Manufacturers’ survey shows a third of British firms expect low skilled job losses to automation
Around a third of British manufacturers expect some low skilled jobs to be lost over the next five years as a result of Artificial Intelligence (AI) and digital technologies, according to a study from industry organisation Make UK.
However, over half of companies (54%) say they will up-skill these lower skilled workers to take the jobs that this innovation creates through new robotics-based equipment development impacting on a number of sectors including confectionery and production lines.
The survey follows research revealing that despite being regarded as a centre for technology development, the UK in fact has one of the lowest rates of take-up for implementing production robotics in western Europe, with a continuing reliance on traditional manual operation of production lines being a noted prevailing factor in a number of market segments, including production of bakery and sweets.
As the new study noted, more than two thirds of manufacturers plan to spend some of their training budget over the next 12 months on technical engineering skills. Some of this will go on providing apprenticeships, which almost eight in ten employers currently offer, but the rest will be aimed at those existing employees who need to continuously up-skill for manufacturers to take best advantage of 4IR and the income boost it can bring.
However, a quarter of companies surveyed by Make UK said they will look for external support to help lower skilled employees whose jobs are going to be displaced seek employment elsewhere.
Verity Davidge, head of education and skills policy, explained that this is where the Government’s new National Retraining Scheme will come into play, but there needs to be some adjustment to the current trial specifications to make it properly effective for those workers who need that help.
She said: “Currently the scheme is being aimed at those employees whose jobs are at risk of being displaced as a result of AI and digitisation within their companies. But it fails to look at the fact that most companies want to retain their workers by up-skilling them to fill new jobs digital technologies will create or place these employees in other parts of the business. This is the missing link in funding support and provision which the Government’s Scheme could help to fix.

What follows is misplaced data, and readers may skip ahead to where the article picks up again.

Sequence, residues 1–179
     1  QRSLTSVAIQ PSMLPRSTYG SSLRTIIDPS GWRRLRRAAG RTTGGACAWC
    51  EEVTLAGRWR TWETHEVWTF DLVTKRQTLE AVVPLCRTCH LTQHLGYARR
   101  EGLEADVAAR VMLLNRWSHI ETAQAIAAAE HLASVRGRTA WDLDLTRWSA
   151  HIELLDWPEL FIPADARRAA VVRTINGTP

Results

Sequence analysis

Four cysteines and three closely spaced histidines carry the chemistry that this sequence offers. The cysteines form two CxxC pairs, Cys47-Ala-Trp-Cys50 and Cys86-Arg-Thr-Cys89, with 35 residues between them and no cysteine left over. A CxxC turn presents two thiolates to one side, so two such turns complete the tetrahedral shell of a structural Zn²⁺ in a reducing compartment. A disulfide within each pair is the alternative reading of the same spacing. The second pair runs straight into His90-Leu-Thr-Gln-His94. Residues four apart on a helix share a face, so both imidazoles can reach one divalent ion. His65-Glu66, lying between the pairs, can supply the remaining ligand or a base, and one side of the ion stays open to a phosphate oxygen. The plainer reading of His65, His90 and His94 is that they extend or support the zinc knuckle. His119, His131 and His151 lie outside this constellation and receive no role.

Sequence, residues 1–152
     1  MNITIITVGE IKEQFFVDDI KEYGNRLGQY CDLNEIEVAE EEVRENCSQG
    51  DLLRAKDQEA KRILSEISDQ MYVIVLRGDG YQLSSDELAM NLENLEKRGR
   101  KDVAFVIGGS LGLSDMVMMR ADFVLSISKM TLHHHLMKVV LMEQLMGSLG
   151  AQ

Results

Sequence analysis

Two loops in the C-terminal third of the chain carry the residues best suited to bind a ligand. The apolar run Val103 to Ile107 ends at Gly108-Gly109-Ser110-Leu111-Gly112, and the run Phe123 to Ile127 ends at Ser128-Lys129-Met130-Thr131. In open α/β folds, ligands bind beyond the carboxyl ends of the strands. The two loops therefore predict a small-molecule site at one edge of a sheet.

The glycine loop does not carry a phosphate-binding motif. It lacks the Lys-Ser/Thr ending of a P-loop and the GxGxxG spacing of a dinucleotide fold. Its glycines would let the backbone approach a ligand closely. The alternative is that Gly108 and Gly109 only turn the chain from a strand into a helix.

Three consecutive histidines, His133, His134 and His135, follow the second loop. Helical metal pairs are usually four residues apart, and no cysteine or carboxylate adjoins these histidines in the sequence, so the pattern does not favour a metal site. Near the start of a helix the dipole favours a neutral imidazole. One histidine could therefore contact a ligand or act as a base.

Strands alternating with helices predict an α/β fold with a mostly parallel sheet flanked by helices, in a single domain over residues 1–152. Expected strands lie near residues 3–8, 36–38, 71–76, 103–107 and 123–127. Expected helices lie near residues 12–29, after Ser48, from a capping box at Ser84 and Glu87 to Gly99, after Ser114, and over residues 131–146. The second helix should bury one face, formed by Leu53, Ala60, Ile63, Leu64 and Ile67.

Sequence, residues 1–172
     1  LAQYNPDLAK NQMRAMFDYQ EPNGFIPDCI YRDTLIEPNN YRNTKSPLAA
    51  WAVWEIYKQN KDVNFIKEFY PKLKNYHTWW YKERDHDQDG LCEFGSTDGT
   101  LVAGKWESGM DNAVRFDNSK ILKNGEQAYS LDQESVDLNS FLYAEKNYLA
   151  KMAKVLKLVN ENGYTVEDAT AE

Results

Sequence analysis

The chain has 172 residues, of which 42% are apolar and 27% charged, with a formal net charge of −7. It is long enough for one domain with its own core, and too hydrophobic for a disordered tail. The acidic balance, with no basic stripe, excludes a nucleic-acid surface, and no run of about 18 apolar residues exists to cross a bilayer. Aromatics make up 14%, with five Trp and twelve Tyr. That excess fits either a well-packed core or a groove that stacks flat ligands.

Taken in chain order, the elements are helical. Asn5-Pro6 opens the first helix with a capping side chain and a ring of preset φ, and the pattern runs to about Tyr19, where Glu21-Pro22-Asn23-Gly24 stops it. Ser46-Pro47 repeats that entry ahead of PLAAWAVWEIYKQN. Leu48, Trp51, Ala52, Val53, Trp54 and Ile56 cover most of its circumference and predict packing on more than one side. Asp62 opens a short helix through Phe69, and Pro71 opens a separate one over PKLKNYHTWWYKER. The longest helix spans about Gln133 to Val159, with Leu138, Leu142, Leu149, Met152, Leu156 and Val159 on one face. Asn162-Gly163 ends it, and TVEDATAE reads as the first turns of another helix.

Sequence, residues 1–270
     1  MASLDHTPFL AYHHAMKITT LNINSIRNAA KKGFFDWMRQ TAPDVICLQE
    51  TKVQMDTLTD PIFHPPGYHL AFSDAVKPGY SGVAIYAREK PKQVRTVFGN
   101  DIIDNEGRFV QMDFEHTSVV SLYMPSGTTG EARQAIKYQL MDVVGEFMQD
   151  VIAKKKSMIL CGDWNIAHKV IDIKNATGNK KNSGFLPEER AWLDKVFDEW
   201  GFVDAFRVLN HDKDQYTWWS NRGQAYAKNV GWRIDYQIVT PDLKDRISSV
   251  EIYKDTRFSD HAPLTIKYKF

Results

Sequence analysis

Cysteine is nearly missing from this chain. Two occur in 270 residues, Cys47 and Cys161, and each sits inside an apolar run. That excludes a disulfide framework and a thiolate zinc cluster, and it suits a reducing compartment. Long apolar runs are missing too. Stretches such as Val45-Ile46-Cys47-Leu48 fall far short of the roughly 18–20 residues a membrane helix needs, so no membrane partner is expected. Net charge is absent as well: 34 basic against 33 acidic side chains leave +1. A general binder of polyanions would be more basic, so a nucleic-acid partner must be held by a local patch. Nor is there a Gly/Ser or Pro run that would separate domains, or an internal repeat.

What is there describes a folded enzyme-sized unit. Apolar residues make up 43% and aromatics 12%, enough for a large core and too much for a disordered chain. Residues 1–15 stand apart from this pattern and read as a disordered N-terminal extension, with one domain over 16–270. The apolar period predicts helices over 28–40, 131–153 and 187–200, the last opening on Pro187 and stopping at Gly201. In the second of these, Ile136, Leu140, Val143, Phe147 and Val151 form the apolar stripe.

“The cost of retraining and up-skilling a manufacturer can be high, and the National Retraining Scheme, when it is properly rolled out across the country, needs to be more widely available including those employers who wish to up-skill their current workers as well as for those employees who do find themselves in a position where they are looking for alternative employment.”
Key findings from Make UK research includes: Almost a third (31%) of manufacturers expect some job losses in lower level roles due to technological change in the next 5 years. This reduces to 22% for mid-skilled roles and 12% for higher-skilled roles suggesting that where manufacturers are investing in 4IR it tends to be lower level roles where it will be tasks and processes, as opposed to jobs that will change.
In addition, manufacturers want to retain employees whose jobs are at risk – 58% plan to re-skill them to work in other parts of the business and 54% plan to up-skill them to work in new job roles that investment in digital technologies and techniques will create. There is a potential role for the Government’s National Retraining Scheme as a quarter (24%) of companies will be looking for external support.
Manufacturers are thinking about their training spend in light of these changes. Even looking to the year again manufacturers are planning to spend their training budgets on technical engineering skills (68%) and productivity skills (57%). However, only one in five (21%) of manufacturers are looking to spend any of their training spend on digital skills.